The Eightfold Path Pt. 2: Right Intention
Well, it’s taken longer than expected to get this article written but after much thought, reflection and intention here it is.
Right intention, to me, is one of the most pivotal parts of the Eightfold Path. One of the points in the teaching here is renunciation. This doesn’t mean going off into the woods or the mountains, it’s quite the opposite.
The word renunciation may scare some people. The word renunciation is defined as “The act or an instance of renouncing”, meaning to not hold onto something, to rid oneself of something. Some folks may think this means to get rid of everything we have and go live in the woods somewhere with a burlap sack as our only possession. This is far from the case.
Renunciation, from the Eightfold Path perspective, is a good thing. It refers to giving up the things that we grasp onto, the things that hold us back and cause us to suffer. For instance, especially for most of us Western folk, our clinging to the need to accumulate things. If we can manage to separate ourselves from our material lives, to renounce the need to accumulate, we suffer less.
For some, the need to have the newest fashion, for fashions sake, is a big pull. If we don’t have the newest sweater or designer handbag, we cause our-self to suffer. We feel bad because our best friend has it and we don’t, we suffer. This is why renunciation is important, because if we can separate ourselves from this “need to purchase and accumulate” we suffer less. We become our own person as well, which may not be the most Buddhist of ideas since we are supposed to all be the same, but I believe by not following the herd we can think for ourselves. Thinking for yourself, and investigating things on our own, to me, is the biggest form of renunciation.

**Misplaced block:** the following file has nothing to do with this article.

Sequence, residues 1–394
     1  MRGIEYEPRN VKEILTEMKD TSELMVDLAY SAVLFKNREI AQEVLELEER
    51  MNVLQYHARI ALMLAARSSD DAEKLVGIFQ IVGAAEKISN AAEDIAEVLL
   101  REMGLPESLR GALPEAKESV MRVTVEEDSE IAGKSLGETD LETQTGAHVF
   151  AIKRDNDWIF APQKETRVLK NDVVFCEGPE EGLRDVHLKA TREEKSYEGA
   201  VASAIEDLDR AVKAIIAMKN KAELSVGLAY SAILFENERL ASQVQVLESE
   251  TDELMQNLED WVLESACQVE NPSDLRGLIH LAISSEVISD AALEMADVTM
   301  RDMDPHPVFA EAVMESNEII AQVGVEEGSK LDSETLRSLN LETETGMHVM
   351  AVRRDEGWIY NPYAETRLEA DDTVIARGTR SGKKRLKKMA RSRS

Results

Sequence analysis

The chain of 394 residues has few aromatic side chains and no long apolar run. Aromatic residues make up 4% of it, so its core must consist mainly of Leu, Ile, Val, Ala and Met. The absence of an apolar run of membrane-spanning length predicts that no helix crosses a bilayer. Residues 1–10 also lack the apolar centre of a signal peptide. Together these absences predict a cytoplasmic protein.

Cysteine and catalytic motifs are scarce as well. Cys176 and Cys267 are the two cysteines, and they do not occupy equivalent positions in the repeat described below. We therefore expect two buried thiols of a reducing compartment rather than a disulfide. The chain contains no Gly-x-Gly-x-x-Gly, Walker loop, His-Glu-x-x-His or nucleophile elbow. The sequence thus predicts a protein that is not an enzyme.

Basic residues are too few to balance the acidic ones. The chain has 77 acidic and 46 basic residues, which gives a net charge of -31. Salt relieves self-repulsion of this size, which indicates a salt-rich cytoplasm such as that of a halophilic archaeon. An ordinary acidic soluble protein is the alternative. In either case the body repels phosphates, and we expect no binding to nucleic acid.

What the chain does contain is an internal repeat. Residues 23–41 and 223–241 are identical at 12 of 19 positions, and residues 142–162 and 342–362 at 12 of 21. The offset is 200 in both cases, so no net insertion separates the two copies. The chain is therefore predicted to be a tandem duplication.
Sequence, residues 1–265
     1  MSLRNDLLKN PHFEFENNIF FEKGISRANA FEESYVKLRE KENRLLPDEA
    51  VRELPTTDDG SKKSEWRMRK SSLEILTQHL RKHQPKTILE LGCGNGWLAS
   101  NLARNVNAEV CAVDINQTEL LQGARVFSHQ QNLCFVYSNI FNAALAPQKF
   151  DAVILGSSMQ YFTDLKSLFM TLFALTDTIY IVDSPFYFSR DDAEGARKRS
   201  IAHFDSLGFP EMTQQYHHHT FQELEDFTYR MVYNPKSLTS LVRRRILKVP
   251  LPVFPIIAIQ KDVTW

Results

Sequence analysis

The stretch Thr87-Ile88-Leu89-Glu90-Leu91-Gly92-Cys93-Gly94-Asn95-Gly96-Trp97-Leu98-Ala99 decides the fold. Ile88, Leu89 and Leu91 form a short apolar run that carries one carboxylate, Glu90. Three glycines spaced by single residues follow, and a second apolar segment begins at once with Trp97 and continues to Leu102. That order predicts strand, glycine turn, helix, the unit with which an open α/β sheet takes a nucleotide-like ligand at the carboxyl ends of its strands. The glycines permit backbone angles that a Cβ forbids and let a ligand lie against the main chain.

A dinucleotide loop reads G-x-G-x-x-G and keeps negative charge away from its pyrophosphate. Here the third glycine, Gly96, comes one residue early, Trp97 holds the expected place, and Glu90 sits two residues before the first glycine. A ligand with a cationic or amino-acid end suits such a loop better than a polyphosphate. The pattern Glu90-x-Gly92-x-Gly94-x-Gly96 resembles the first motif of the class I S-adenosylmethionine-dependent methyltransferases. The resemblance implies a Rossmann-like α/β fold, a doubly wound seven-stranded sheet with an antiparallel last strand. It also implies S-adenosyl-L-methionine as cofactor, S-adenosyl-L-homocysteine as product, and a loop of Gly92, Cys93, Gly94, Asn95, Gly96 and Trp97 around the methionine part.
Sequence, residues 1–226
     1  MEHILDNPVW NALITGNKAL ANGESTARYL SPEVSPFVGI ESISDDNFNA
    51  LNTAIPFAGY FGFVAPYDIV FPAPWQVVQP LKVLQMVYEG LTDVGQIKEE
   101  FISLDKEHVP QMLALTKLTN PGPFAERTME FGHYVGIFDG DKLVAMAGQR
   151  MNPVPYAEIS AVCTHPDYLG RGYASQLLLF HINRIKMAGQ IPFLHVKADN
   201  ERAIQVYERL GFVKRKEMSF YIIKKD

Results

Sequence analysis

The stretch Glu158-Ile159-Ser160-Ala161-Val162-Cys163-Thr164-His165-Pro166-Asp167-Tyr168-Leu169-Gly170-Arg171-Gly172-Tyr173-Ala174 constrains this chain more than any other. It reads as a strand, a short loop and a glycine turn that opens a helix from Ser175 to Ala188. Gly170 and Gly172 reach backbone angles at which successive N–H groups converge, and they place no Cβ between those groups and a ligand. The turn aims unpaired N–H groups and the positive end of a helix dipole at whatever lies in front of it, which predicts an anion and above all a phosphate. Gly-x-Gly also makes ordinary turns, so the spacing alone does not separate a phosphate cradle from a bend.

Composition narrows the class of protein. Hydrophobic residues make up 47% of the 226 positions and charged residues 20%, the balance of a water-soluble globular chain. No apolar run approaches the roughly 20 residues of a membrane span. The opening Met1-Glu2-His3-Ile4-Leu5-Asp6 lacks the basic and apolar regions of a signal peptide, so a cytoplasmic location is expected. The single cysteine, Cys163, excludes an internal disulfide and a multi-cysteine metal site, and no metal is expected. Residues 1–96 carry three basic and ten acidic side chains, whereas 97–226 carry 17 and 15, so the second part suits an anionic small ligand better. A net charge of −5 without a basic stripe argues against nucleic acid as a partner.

Right intention isn’t just about renunciation though, the key word is pretty obvious, it’s all about intention. We all have the intention, when stepping on this path, to follow it the best we can. For those of who didn’t have the immediate connection with a teacher or guide we learned about this path with the help of books, mp3 talks and chats online with fellow practitioners. Our intention was there and hopefully still is.
Renunciation isn’t the only part of Right Intention though, there are various factors. One of the others is good will, and that is self explanatory. We aren’t just doing this for ourselves, we are here to do this dharma work in the hopes we can make things around us better. We all hear the rather cliche “may all beings be free, may the all be happy…” all the time, but seriously, that’s what we are doing here. Buddha set this thing in motion, told us all the way to free ourselves from suffering. But he didn’t stop there, it was his intention, as it is hopefully for you, to help spread the message so others can become free.
What are your thoughts on Right Intention (which could also be called Right Understanding)??